Wednesday, February 16, 2011

Read Between the Lines

I started reading this book with the utmost skepticism, thanks to O'Brien. However, I am grateful for learning how to be a tentative reader, because this book has a more significant meaning than just the words written on the page. I also love how we discussed religion in class, because I recently found religion myself and I find it to be very rewarding. I believe that Pi's understanding of the interconnection of all living things, human and animal, Hindu and Christian, is essential to his survival on this boat.
If the shipwreck happened first, and we were introduced to Pi's life afterward, the book would not be as rewarding because in Part One, Pi's character prepares us as readers to view his later predicament with a more understanding, accepting eye. He is, in a sense, training us to think like him in order to process his story in a more thorough manner.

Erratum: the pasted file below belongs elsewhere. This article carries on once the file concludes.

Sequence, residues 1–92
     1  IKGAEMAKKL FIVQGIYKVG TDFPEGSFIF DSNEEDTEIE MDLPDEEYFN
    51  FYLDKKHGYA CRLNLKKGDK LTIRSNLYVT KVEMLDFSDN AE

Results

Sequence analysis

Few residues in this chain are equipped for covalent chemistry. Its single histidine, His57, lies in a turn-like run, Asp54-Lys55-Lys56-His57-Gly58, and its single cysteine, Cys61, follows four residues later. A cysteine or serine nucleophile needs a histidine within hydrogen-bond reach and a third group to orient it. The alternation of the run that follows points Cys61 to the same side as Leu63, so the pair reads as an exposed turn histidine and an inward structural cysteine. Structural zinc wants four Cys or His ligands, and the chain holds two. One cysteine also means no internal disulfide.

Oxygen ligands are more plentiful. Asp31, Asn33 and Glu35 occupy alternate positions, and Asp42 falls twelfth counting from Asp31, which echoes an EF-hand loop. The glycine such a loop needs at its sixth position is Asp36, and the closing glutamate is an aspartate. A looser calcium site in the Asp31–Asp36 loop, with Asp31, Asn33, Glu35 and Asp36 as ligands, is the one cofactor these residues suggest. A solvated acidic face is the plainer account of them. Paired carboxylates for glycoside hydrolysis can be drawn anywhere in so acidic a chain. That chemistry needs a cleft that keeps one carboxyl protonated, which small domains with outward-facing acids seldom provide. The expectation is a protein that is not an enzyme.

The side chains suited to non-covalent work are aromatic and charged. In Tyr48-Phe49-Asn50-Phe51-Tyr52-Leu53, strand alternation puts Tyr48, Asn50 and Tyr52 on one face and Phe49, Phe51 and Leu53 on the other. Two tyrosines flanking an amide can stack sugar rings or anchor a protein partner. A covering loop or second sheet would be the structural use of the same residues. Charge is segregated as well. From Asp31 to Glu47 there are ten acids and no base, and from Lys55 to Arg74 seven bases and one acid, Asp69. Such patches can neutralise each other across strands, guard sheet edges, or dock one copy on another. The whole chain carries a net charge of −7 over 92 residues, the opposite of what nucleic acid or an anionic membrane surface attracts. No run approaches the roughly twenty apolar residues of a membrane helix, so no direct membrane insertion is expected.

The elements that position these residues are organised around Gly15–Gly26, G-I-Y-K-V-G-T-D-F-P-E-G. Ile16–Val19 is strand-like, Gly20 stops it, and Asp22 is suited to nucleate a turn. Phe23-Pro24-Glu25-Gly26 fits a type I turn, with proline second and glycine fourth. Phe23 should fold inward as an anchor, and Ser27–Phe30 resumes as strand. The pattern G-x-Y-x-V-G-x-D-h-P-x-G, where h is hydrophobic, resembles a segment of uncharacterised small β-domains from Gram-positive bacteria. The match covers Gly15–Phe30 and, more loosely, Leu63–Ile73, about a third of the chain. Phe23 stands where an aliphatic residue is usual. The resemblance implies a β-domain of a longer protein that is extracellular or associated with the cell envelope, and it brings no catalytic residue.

Don't get me wrong, I would still read this book even if we weren't prompted to do so in class. However, I do not believe that I would see the better story that is hidden between the lines; about how religion is present in every aspect of life if one decides to search for it, and how zoo animals and humans are more instinctually alike than different (and I'm sure I'll find more not-so-obvious messages as I continue to read). Although this book is considered to be fiction, it states very relevant, everyday-life messages to readers. At this point, I do not care about Pi or Martel's credibility; I am accepting this book as fiction and simply goin' with the flow.

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